Please take a moment today to think about the enormous impact the disease is having all over the world. Think of Grace, who will slowly get sicker and die, suffering needlessly because any drugs that could help her are scarce. Think of her eight children, who will watch their mother die slowly, then most likely their father. Think of the older girls, who will drop out of school (if they haven't already) to look after their siblings. Sex work may be the only way they can support the younger ones, increasing the chances they too will become sick and die. The family, already poor, will become destitute.

AIDS can happen to anyone at anytime. One of the reasons the disease is spreading so fast (and it is spreading all over the world) is because women are biologically, socially and economically at greater risk of HIV/AIDS. Traditional prevention efforts have ignored women's vulnerabilities and focused on techniques that require men's compliance, it's no wonder they have had little discernible effect.

Without treatment, millions of familes around the world will crumble, just like Grace's. Without treatment, there is no hope. Without hope there is no reason to be tested. Without getting tested, there is no way to prevent the spread of HIV/AIDS.

Debt relief, more effective aid, and fair trade will give developing countries funds to invest in HIV/AIDS interventions and fight poverty. Comprehensive and efficient health systems are vital for the poor to access treatment in developed countries. Governments will only support these measures if we, the average citizens, demand that they do so. Through protest, media and civil society action we must force our politicians to fully support effective prevention and treatment options for all, not just those that can afford to pay, and an end to the root cause of the spread of HIV/AIDS: poverty. We have the opportunity to stop the spread of AIDS: we must not let it slip away through inaction.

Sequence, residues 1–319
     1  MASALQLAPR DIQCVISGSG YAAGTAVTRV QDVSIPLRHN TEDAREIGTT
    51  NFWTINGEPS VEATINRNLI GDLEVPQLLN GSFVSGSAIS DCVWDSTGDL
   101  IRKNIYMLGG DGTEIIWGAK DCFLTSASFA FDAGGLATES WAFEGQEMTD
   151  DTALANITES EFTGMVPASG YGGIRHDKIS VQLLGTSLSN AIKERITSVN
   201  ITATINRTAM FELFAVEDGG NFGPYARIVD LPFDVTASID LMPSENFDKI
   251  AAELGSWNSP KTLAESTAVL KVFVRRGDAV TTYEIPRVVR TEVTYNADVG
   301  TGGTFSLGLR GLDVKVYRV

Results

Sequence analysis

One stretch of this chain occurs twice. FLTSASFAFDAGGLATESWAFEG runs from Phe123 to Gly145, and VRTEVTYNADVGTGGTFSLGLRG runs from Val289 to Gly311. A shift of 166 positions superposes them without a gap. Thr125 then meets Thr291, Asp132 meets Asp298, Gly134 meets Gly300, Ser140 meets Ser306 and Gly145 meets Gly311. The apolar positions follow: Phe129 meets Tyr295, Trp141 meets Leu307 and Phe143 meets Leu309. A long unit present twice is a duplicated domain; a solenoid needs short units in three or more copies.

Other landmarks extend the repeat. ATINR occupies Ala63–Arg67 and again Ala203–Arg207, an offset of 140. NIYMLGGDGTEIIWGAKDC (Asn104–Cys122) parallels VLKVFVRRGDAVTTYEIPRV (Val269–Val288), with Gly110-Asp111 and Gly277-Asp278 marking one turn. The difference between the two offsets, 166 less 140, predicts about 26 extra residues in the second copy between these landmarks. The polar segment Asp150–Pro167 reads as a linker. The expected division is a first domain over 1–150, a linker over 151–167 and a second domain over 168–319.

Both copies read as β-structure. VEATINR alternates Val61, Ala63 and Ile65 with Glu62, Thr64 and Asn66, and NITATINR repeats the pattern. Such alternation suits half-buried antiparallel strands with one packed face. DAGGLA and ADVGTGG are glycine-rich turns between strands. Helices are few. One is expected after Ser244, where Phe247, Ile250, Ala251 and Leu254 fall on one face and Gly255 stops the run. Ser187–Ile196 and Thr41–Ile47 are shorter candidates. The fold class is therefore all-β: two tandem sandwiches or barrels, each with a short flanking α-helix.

Please write to your legislators, your newspapers, or talk to your friends about what you can do to help. Think globally and locally: demand more AIDS funding, support local services and protect yourself. You can find some ideas to get you started here (US) and here (UK).

26 September 2006

Torture, part 2

I've just received an email from Amnesty International on the new torture legislation being negotiated between the US Senate and White House. The legislation allows sexual abuse such as forcing prisoners to strip and dance naked as part of interrogations and redefines rape and sexual abuse:

the new bill could make prosecution for rape and sexual assault more difficult by requiring proof of specific intent to commit the crime, something generally hard to prove in cases of rape or sexual assault

I know that governments have secretly sanctioned all sorts of horrible things in the past (and present) but that doesn't make it right. I find it terrifying that the wealthiest most powerful country in the world is taking away the shame that would have previously been associated with torturing prisoners. How can we claim to be 'fighting the war on terror' when we are instilling it?